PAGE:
World Book Fair 2018

We may purchase a thousand books online but the sight and smell of printed version, makes reading much more enjoyable. No wonder, when I visited the ongoing World Book Fair 2018 today i.e. 9th Jan, I found the place quite crowded despite it being a week day.


The fair began on 6th January and will continue till 14th. There are three main halls No. 11, 12 and 12A. And then there is “Hangar over Lake”, a tented enclosure comprising of Hall No. 7A to H, 8, 9 and 10. Hall No. 12 and 12A is primarily dedicated to Hindi books, while Hall No. 11 has English ones.

The Hangar was more of a mixed bag, ranging from regional language books to fiction, non fiction, children, young adult ones to educational and competitive ones.


Here I must point out that stalls in Halls are numbered and detailed lists are available outside each hall. However, tracing out which hall or stall would have your kind of books, was a humongous task. I would have rather preferred the halls or stalls be listed as per genres. Perhaps NBT in an overzealous approach to allot and involve more publishers, both small and big ones, has slightly overlooked people’s convenience.

There were too many publishers displaying their stuff proudly but most of them neither offered any discount nor had variety.

However the Author’s Corner did uplift my mood. Attended a few launches and discussions, and it was heartwarming to listen to noted authors live.

I was there to attend RuBaRu an event, launching two of my collective anthologies in Hall No. 8 and met many friends I have hitherto known on social media. In a way, this Fair provided a perfect opportunity to converse with your favorite authors and bask in their esteemed presence.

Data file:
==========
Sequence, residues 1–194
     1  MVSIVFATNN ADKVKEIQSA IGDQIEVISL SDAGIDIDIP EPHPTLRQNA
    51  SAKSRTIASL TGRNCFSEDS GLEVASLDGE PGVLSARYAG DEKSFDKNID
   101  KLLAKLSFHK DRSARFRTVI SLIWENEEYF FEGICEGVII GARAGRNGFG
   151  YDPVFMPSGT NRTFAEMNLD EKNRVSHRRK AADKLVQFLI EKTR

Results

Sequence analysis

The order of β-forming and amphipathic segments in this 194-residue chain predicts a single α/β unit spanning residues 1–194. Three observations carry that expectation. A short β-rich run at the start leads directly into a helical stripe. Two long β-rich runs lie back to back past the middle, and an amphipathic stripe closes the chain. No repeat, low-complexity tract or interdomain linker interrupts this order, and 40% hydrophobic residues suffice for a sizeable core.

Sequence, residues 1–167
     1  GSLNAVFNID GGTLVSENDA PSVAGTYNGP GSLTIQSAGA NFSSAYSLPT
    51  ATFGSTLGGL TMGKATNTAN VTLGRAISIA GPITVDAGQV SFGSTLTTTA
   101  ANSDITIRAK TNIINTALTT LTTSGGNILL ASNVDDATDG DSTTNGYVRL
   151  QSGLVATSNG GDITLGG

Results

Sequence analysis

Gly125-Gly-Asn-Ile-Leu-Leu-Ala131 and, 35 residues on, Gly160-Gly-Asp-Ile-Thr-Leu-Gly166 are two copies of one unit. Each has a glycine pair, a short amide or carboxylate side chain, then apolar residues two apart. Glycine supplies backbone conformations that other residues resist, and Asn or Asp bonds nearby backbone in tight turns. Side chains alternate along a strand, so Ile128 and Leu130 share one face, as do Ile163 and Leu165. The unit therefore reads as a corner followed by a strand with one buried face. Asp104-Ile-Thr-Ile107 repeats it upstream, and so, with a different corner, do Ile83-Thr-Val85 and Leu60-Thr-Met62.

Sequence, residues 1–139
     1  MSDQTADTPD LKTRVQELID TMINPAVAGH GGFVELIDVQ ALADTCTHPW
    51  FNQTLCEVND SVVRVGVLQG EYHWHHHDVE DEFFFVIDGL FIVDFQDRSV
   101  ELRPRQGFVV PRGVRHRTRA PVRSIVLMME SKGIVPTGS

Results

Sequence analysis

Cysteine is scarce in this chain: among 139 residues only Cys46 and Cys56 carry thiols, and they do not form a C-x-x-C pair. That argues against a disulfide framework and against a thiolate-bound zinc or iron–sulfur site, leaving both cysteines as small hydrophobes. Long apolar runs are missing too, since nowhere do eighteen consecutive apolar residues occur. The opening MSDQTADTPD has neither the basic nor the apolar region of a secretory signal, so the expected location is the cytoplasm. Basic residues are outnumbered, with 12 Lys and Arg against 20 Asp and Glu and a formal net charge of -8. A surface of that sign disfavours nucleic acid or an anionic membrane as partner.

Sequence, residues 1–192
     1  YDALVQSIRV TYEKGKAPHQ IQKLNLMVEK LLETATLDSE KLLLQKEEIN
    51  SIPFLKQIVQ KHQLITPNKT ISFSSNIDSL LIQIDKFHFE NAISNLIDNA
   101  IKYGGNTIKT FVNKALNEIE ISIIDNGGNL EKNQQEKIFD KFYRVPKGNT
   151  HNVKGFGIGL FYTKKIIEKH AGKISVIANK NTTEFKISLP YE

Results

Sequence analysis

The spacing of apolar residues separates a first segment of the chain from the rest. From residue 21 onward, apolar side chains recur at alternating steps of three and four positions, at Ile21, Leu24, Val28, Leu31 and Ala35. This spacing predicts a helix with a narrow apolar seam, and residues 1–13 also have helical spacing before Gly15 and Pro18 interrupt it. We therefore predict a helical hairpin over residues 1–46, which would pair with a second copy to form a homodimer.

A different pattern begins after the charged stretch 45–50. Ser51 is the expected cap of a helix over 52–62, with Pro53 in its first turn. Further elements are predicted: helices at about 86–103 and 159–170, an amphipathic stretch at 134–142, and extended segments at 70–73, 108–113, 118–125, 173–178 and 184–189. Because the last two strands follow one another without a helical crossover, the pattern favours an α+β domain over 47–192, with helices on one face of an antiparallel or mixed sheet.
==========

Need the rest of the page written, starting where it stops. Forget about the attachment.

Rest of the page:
A few stalls caught my attention due to their unique display and name. Palimpest, Roli Books, Speaking Tiger, Viva Education, Sahitya Akademi, Saraswati House and Book Chor. You can see the photos below and admire the unique concept of displaying books in a creative way.





Book Chor, in particular impressed with their bambooed fencing and cool tagline of “Robinhood of Textville”. They sold used books at discounted prices and I did buy one from them.

Last but not the least, the easiest and cheapest way to visit Book Fair is by Metro. You can purchase the entry ticket of Rs. 30/- from the station itself and just walk a km to Hall No. 12 and then further on to other Halls. Parking was though choc a bloc near the Metro gate No. 8. So I don’t know how easy it will be to go there by your own vehicle. In any case, no vehicles are allowed inside Pragati Maidan.

All in all, World Book Fair is a good way to spend a sunny day in the august company of written words. Do visit before the fair winds up on 14th. Enjoy!

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